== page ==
#81 -- Hello

Album: (What's the Story) Morning Glory

Oasis opened their first headline at Glastonbury with this song back in 1995, and I must say it was appropriate. It borrows a riff from Gary Glitter’s (yeah, that guy) Good to be Back, which is enough to make it interesting if for nothing other than its very cheeky reference to one of the stupidest acts in music, which just happens to be leading off what certainly is one of the top 5 albums of the 1990’s. As a first track though, I think it’s a little weak, and it hardly stands up to the magic of the rest of the album.

#82 -- I Can See A Liar

Album: Standing on the Shoulder of Giants

I know a LOT of people that don’t like this song at all, but its not one I like to discount. It sounds like the Beatles (a little bit of Fool on the Hill, even) combined with the Sex Pistols. Liam does an average job belting out some pretty damn good lyrics (once again, in my opinion – I know a lot of people that hate them). Sure, they’re trite, but they fit. Still, not the best song on SOTSOG, but not the worst.

#83 -- Digsy's Dinner

Album: Definitely Maybe

Silly song about a silly man, but I love it. It wouldn’t be pure ‘90s brit rock without the inclusion of songs like this in your debut album. Buy the DM DVD for some candid talk with Digsy, and you’ll see why he makes such an impression. What a spaz. Still, being *the* Digsy has to get you somewhere with the (old, toothless, drunk) ladies.

#84 -- Force of Nature

Album: Heathen Chemistry

I don’t have shit to say about this song today. Yeah, yeah, yeah, Love, Honour & Obey, good lyrics, feels like its punching you in the face a hundred times in a row, blah, blah, blah, don’t like it as much as some others seem to.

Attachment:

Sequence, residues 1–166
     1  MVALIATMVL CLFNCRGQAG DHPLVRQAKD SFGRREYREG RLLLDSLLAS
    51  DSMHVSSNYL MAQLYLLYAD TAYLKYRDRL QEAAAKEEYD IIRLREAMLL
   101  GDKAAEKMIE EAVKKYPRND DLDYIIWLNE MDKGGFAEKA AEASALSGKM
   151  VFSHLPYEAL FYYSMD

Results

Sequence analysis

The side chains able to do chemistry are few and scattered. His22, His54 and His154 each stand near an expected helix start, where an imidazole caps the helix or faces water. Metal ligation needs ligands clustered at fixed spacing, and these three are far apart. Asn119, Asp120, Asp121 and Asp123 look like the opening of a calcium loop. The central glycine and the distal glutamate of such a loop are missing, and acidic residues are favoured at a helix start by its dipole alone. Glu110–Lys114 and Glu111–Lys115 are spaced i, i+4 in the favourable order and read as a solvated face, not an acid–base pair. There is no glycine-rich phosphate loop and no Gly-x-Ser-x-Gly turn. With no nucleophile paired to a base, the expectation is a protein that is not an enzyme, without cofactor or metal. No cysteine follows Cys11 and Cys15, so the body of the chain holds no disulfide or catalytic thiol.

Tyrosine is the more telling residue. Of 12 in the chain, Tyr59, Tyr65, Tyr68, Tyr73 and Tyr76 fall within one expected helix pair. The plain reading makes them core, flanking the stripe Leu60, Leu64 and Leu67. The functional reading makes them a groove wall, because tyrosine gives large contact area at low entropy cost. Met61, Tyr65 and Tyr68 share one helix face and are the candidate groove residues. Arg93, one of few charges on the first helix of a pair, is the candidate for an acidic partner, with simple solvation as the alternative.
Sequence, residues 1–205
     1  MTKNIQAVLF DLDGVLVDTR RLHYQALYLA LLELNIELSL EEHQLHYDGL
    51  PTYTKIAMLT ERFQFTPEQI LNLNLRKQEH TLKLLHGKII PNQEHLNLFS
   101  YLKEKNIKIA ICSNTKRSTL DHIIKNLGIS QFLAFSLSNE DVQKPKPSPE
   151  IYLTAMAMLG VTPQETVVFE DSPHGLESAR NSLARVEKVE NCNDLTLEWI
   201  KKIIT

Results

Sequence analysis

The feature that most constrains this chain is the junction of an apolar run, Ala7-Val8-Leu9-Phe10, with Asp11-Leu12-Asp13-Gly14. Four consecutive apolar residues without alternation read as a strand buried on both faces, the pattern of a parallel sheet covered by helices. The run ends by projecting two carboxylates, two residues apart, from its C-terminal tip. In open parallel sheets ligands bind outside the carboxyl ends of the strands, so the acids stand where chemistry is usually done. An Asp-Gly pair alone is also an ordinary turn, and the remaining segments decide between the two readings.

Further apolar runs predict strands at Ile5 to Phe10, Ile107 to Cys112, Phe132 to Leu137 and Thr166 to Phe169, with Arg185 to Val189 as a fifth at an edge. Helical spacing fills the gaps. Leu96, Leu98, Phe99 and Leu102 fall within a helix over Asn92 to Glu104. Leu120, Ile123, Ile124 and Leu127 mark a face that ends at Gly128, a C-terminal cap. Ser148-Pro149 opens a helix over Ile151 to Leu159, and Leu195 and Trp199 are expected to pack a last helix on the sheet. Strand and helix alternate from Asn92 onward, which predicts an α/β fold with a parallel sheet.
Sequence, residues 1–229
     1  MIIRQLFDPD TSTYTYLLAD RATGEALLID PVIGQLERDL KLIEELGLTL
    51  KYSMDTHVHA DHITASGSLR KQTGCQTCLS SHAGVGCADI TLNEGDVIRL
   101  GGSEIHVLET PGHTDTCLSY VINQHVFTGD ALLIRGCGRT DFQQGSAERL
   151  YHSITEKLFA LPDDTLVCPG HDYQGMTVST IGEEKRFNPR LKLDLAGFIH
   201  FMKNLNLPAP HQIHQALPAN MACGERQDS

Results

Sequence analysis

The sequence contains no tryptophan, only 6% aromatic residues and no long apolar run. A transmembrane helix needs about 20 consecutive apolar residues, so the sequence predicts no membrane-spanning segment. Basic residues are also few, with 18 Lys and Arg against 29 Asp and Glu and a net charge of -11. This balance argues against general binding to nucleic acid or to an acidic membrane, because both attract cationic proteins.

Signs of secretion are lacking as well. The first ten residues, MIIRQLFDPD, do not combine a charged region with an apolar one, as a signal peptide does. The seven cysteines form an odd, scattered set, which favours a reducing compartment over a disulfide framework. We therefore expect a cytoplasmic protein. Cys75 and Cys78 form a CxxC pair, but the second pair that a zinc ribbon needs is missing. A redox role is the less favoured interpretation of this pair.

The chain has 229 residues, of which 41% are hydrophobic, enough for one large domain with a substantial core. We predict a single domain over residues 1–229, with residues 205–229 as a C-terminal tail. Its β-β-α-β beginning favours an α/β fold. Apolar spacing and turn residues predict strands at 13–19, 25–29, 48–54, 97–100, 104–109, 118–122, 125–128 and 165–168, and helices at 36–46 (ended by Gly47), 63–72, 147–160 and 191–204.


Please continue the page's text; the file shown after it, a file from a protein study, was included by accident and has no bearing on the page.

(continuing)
In other news, the new single LYLA was played on Polish radio yesterday. I haven’t stopped listening to it since 5 o’clock yesterday. I love it. No, I LOVE it. Nice, safe, lead-off single like The Hindu Times, but quirky, catchy, has some damn musical substance, and it should sound awesome live. I’m bringing my pogo stick to MSG. (Note: when drunk, leaping around like you’re nuts is an acceptable substitute for an actual pogo stick)

(I'm not including any of the new songs in this countdown, before anyone asks, since it was started before the album release) If you want to read what I wrote about it last night, here you go.

#85 -- Alive (8 Track Demo)

Album: Shakermaker (single)

Noel’s come a long way as a songwriter, that’s for sure. This is one of the older songs Oasis has ever released (B-side or otherwise) and sounds appropriately musically immature – almost complimented by the 8 track sampling. I’m not sure what it means, or whether it’s even worth discussing – few tracks really showcase the evolution of Noel’s songwriting before it was really polished. This would certainly be a track not even worth mentioning had they attempted to produce it in the manner to which we’re accustomed and squeeze it into an album, but as it is, it’s a great early portrait of a young band about to explode.

#86 -- Hey Now!

Album: (What's the Story) Morning Glory

Not a bad tune, but to me, Hey Now! marks the first hint of diversion from the great rock tunes on Definitely Maybe and What’s the Story. In fact, Noel says, “This song is about being in a group. It´s a massive step forward for us. Some people are not going to like it, because they´re just going to want more songs like Cigarettes & Alcohol or Supersonic. The band has changed a lot and there´s a different vibe.”

Personally, I’m one of those people that wanted more songs like Cigarettes & Alcohol and Supersonic. Not that change is bad or anything, but sometimes the chords sound like they were borrowed from some lame 80s “soft rock” song. And anyway (and they made this faux pas with Gas Panic! too), songs with exclamation marks in their title should be exciting and kick your ass.

#87 -- Listen Up

Album: The Masterplan

I can’t be the only person that thinks the opening bars of this song sound almost exactly like Supersonic. The only thing I don’t like about this song is that it’s way out of Liam’s vocal range – he really strains to hit a couple of the notes (the word “leave” is particularly painful). Not much to say about the guitar work, but rather good lyrics (in my opinion, The Masterplan has the best lyrics of any Oasis album), and still a great b-side for Cigs & Alc, and a great choice for inclusion in The Masterplan.